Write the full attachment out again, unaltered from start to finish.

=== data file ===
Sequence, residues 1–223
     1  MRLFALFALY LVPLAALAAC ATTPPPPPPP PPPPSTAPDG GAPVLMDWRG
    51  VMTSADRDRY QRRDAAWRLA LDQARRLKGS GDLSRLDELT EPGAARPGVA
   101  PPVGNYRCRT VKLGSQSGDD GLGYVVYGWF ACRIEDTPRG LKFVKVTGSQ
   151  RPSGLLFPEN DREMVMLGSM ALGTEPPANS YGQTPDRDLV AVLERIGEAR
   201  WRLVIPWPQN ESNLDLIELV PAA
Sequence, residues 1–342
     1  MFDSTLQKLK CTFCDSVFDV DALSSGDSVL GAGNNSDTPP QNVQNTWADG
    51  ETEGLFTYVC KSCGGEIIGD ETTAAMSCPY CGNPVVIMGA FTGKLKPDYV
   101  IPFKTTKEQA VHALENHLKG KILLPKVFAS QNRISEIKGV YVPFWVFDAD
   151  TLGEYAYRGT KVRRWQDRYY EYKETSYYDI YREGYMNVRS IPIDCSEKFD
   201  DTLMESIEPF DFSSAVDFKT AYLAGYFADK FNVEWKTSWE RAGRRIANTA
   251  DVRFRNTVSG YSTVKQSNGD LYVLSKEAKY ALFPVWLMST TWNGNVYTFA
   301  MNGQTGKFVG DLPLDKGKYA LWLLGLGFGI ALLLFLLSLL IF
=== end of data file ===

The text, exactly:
Sequence, residues 1–223
     1  MRLFALFALY LVPLAALAAC ATTPPPPPPP PPPPSTAPDG GAPVLMDWRG
    51  VMTSADRDRY QRRDAAWRLA LDQARRLKGS GDLSRLDELT EPGAARPGVA
   101  PPVGNYRCRT VKLGSQSGDD GLGYVVYGWF ACRIEDTPRG LKFVKVTGSQ
   151  RPSGLLFPEN DREMVMLGSM ALGTEPPANS YGQTPDRDLV AVLERIGEAR
   201  WRLVIPWPQN ESNLDLIELV PAA
Sequence, residues 1–342
     1  MFDSTLQKLK CTFCDSVFDV DALSSGDSVL GAGNNSDTPP QNVQNTWADG
    51  ETEGLFTYVC KSCGGEIIGD ETTAAMSCPY CGNPVVIMGA FTGKLKPDYV
   101  IPFKTTKEQA VHALENHLKG KILLPKVFAS QNRISEIKGV YVPFWVFDAD
   151  TLGEYAYRGT KVRRWQDRYY EYKETSYYDI YREGYMNVRS IPIDCSEKFD
   201  DTLMESIEPF DFSSAVDFKT AYLAGYFADK FNVEWKTSWE RAGRRIANTA
   251  DVRFRNTVSG YSTVKQSNGD LYVLSKEAKY ALFPVWLMST TWNGNVYTFA
   301  MNGQTGKFVG DLPLDKGKYA LWLLGLGFGI ALLLFLLSLL IF